Thoughts on a good economist

A good economist is like a petulant child.  They always ask why, never fully accept an answer, and rarely fully reject one.

Yes, a great economist will have a bunch of other skills – both normative and analytical.  However, I’d say the desire to question and keep an open mind provides a necessary condition for any strong performance by an economist.

Yes, this is more filler – I barely have time to read the news right now, let alone post 😀

So you are getting whatever is in my head this minute 😉

A fishy conclusion from a Fisher relation

Interesting.  Both a Fed economist and Stephen Williamson (the author of one of my undergrad macro books) have been saying that persistently low interest rates “cause” deflation in the long run (ht Economist’s view) [Lots of others, WCI *, Money blog, Angry Bear, Paul Krugman, Money Illusion].  This seems a little counter-intuitive, but this doesn’t mean anything is wrong – I’m going to write down a few of my thoughts to see if I can figure out what is going on.

I mean, I agree that the Fisher equation must hold, and I agree that the long-run real interest rate will be exogenous.  But this ain’t enough to tell me that having the Fed keep rates at 0.25% forever “causes” deflation.

Why?  The average Fed rate and inflation expectations are both endogenously determined – they seem to be treating the Fed’s choice as exogenous, when they follow a decision rule. Yes it is true that the cash rate at a point in time is a choice variable – but the average cash rate in the long-run should effectively be determined by the real interest rate and long-run inflation target. [Update Think of it this way, I’m really assuming the central bank follows a Taylor rule and that determines the nominal rate given the inflation target.  The big kicker for any argument like this will be the way inflation expectations are formed].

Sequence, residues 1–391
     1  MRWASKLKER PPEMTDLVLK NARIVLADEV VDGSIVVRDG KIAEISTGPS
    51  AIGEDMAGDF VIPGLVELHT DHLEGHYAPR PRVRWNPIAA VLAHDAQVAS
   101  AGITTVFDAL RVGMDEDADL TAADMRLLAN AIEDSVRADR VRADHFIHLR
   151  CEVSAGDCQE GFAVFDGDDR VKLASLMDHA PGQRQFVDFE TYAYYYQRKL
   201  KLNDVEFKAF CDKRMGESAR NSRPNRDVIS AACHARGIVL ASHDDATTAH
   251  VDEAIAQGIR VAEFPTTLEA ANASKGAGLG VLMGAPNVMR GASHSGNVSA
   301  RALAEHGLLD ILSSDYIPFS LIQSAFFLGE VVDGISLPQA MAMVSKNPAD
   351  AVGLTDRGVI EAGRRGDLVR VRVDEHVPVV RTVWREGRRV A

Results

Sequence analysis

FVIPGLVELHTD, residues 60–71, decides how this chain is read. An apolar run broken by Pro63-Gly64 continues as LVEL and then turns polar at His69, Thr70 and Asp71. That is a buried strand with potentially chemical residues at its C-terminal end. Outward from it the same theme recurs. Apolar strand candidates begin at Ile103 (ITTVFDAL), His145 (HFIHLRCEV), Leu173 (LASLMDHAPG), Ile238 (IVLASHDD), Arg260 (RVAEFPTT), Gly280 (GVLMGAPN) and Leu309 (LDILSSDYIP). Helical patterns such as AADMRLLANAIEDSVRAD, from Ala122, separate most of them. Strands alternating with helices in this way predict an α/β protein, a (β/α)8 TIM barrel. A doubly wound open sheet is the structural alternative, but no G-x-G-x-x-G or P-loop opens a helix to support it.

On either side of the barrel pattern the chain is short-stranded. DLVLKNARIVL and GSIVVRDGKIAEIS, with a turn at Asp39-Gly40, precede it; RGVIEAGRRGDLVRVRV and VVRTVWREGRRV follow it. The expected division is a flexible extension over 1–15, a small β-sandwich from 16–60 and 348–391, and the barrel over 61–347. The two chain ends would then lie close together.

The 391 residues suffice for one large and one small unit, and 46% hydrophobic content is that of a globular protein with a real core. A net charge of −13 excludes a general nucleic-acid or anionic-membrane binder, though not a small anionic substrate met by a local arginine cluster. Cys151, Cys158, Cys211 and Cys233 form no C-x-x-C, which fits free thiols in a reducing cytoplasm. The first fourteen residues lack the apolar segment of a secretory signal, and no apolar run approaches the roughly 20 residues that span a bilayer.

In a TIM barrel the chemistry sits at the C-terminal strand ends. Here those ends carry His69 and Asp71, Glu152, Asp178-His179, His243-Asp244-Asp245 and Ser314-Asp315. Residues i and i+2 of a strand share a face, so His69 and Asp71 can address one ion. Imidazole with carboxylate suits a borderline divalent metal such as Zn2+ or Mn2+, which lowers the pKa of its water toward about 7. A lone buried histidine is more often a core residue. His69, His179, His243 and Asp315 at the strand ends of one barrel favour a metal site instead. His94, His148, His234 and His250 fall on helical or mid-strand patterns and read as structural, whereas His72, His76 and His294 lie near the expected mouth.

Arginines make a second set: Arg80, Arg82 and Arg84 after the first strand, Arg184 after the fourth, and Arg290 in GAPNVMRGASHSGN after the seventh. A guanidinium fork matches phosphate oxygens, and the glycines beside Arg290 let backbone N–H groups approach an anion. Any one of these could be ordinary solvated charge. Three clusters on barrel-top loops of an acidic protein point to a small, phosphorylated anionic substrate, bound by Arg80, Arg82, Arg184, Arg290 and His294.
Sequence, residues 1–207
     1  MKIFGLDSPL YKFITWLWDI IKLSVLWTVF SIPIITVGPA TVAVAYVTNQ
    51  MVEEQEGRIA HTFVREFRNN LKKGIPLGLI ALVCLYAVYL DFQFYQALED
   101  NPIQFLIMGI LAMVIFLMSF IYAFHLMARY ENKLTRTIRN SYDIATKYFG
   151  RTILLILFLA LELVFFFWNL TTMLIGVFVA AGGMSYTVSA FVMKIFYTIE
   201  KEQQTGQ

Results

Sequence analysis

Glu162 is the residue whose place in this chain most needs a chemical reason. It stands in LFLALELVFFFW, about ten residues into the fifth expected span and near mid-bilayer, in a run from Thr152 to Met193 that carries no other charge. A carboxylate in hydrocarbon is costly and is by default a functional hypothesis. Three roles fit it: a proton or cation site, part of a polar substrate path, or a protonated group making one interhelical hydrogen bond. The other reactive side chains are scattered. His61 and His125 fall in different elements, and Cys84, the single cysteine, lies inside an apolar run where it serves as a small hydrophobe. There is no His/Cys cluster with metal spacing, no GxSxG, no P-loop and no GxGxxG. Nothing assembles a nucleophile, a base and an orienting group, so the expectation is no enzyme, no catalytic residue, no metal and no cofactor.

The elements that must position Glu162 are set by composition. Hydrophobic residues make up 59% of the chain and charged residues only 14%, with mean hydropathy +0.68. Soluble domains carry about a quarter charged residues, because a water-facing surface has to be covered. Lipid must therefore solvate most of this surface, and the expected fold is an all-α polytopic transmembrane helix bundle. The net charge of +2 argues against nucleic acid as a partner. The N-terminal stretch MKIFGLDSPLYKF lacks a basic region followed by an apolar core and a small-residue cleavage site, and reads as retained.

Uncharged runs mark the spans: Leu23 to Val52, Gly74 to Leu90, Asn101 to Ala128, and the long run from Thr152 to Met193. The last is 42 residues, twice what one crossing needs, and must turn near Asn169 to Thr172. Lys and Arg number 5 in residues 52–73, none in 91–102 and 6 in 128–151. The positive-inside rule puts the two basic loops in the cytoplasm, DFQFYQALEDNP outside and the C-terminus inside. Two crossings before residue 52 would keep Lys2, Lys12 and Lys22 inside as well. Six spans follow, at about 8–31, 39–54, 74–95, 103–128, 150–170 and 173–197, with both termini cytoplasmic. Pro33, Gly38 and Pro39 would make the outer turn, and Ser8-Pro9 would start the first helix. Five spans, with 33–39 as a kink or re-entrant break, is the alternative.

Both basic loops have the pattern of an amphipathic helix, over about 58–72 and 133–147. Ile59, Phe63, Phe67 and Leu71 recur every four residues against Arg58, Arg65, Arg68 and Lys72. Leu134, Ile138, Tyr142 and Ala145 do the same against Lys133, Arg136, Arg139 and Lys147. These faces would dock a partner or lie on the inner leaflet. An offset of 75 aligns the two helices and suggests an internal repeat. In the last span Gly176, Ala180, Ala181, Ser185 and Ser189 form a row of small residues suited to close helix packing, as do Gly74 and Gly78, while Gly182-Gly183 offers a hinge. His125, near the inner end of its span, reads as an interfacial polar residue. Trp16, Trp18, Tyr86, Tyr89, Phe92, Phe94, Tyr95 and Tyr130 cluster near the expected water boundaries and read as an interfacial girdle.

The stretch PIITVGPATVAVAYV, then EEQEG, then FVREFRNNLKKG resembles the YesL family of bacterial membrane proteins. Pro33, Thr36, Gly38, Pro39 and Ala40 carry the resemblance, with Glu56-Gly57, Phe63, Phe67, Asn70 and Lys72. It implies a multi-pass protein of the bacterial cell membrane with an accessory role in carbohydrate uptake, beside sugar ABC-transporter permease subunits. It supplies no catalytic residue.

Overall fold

As a result, we could just as easily interpret rates staying at 0.25% forever as an indicator that inflation expectations are -1.75% -> in other words we observe a low nominal interest rate BECAUSE there is deflation.  Fundamentally, this tells us nothing – as the Fisher relationship is an equilibrium statement, not a casual relationship.

In fact, if there is indeed a forecast of rates staying at 0.25% forever there is a STRONG argument for making policy more stimulatory now – is that what the guy is trying to say?

If we want to discuss a causal relationship we need a causal model of our endogenous variables right – the Fisher equation is not this.

Update: I see where they are coming from now.  However, I believe the key issue is with regards to current policy – fundamentally the mentioning of deflation was taken in context of the CURRENT disinflation going on in the USA, and it seemed like a statement that was pushing for an increase in rates to avoid deflation.

I’m also nervous about the use of the word “cause” when any observed relationship in the data will not necessarily be clear – but I’m always nervous about causation so oww well.  Namely, if I see an average cash rate of 0.25% and average -1.75% inflation I wouldn’t say “aha, having the cash rate at that level caused that” – I would want more information on how inflation expectations got there in the first place …